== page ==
The Illinois Supreme Court heard arguments in a car accident case regarding a lawsuit brought against a deceased motorist. Two years after a 2008 car crash, the plaintiff, Sandra Relf, filed a personal injury lawsuit against a motorist she believed was negligent in causing her injuries.
The issue in this case was that the defendant, the man that Relf sued, had died three months after the car crash. Under Illinois law, there is a procedure for the event of the death of a plaintiff or defendant during the course of the legal process. In this case, the trial court ruled in favor of the defendant, finding that Relf had not properly sued the correct party, the estate of the decedent. But on appeal, the Illinois Appellate Court First District overturned that order.
On review by the Illinois Supreme Court, the plaintiff contended that she was unaware that the defendant, Joseph Grand Pre Jr., had died. Once Relf learned of the death of Pre, she amended the complaint and named an employee of the plaintiff’s lawyer’s staff as the special administrator of the Pre estate. However, as a matter of fact, Pre’s family had opened a probate estate months before Relf filed the original lawsuit. The defendant argued that Relf should have known by a simple on-line search of the Cook County court system that the defendant, Pre, had died and opened up a probate estate.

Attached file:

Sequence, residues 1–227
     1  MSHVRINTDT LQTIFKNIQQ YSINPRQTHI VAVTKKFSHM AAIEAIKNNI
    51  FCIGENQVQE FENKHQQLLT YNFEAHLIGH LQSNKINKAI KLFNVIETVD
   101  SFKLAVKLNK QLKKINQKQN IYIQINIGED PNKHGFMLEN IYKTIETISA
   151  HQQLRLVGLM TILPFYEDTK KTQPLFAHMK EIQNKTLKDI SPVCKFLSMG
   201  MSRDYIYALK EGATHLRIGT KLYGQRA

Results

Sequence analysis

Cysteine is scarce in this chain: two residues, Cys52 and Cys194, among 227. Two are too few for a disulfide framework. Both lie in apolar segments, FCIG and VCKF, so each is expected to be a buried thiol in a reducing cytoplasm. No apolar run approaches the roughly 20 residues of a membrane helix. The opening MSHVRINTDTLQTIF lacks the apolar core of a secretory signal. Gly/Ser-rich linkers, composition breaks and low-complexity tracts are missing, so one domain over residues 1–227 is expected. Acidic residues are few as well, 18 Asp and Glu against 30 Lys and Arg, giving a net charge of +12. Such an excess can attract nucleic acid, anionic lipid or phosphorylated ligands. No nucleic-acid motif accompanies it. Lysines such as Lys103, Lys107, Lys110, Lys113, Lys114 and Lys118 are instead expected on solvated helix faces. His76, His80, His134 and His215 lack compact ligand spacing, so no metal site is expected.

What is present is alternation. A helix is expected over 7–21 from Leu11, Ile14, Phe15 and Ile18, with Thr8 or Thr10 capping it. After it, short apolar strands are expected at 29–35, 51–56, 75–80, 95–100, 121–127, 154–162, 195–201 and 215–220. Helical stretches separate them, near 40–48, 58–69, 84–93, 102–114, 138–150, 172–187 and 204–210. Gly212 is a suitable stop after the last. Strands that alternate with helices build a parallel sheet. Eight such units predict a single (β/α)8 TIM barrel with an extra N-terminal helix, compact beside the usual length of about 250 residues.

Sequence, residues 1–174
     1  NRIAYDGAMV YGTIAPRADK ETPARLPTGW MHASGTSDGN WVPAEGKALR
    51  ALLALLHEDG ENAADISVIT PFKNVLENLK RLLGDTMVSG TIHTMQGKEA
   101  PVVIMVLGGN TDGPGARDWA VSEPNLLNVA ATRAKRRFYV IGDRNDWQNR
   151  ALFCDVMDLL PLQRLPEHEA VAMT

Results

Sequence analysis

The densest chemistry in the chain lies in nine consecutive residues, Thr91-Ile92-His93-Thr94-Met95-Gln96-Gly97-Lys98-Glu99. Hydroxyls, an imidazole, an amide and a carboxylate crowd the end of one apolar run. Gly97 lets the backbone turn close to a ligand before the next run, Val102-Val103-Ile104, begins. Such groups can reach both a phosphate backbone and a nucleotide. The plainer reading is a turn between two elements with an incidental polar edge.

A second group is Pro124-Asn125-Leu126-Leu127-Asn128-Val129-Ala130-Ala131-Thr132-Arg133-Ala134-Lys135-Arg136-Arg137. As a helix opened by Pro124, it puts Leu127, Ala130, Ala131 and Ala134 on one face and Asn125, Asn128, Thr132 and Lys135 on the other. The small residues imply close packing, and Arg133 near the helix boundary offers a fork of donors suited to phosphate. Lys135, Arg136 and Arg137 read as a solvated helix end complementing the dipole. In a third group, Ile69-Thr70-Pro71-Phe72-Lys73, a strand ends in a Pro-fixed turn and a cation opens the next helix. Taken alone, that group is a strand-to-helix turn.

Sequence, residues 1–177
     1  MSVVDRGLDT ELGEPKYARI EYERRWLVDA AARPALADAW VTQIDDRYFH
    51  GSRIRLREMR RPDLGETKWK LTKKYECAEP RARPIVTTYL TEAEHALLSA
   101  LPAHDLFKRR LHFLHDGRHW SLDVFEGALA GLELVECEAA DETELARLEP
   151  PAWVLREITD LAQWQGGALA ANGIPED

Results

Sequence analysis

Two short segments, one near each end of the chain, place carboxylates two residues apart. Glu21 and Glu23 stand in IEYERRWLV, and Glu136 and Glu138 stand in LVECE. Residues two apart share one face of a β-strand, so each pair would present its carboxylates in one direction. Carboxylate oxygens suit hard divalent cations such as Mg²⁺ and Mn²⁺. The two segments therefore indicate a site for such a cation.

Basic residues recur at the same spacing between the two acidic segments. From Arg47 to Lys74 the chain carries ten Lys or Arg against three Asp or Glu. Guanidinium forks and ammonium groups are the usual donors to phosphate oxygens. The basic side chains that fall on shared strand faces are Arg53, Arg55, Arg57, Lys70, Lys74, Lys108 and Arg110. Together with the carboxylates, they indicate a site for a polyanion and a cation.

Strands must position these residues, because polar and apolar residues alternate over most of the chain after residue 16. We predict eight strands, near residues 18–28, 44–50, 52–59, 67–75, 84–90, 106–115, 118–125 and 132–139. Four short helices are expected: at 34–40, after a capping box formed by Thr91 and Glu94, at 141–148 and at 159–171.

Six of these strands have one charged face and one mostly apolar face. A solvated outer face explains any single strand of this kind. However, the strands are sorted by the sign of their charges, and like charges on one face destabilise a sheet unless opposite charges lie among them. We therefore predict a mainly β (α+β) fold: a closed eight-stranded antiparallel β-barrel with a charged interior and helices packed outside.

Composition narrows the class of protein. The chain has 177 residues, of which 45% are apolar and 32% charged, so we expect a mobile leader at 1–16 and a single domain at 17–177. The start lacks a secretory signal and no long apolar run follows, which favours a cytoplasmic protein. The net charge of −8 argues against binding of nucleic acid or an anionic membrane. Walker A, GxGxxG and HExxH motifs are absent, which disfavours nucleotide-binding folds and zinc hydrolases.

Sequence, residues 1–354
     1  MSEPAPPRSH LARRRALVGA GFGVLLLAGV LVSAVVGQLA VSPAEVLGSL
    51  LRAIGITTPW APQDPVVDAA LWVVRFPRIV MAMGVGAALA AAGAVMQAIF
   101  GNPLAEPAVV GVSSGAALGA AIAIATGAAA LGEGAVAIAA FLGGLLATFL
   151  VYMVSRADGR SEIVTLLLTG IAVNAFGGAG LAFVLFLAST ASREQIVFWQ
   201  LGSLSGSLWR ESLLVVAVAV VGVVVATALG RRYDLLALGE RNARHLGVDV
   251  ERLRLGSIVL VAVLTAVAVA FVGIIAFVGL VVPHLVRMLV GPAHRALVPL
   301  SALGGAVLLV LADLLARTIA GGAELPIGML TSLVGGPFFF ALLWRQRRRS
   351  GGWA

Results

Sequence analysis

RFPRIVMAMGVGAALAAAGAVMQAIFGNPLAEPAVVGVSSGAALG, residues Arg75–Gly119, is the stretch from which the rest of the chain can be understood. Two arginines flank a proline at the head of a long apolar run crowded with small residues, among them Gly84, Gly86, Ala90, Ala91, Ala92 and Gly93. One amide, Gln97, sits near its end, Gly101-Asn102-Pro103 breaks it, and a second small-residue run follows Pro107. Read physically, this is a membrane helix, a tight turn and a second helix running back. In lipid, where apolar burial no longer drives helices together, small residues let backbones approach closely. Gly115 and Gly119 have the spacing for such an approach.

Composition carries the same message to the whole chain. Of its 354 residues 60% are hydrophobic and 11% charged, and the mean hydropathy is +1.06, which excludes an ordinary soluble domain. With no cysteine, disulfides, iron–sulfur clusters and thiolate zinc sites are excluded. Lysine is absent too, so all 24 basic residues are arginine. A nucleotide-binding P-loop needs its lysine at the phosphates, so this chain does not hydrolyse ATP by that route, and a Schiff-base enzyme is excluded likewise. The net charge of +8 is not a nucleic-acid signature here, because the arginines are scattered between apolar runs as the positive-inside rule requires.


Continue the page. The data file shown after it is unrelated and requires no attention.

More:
The accident report listed “Joseph Grand” as the party instead of his correct name, which was Joseph Grand Pre Jr. Because the defendant was errantly identified in the police report, it was nearly impossible for the plaintiff and counsel to search the court system to learn that the correct party defendant had died before the filing of the lawsuit and that a probate estate had been opened in the Circuit Court of Cook County, Probate Division.
Plaintiff’s counsel, David Nemeroff, argued that Pre’s insurance company was well aware of the lawsuit and was informed of the special administrator having been substituted for the name of the deceased defendant. The insurance company chose not to inform plaintiff’s counsel of the correct name of the decedent and also that a probate estate had been opened.
It was further submitted to the justices of the Illinois Supreme Court that the estate was not at risk for any exposure and the only party at risk was the decedent’s insurance company. The case is now under consideration by the Illinois Supreme Court, which will later issue its written decision.
Sandra Relf v. Natasha Shatayeva, etc., No. 114925.
Kreisman Law Offices has been handling automobile accidents, car crashes and truck accident cases for individuals and families who have been harmed, injured or died as a result of the carelessness or negligence of another for more than 37 years in and around Chicago, Cook County and its surrounding areas, including Alsip, Summit, Homewood, Highwood, Maywood, Chicago (Washington Park), Wheaton, Glenview, Glencoe and Winnetka, Ill.
Related blog posts: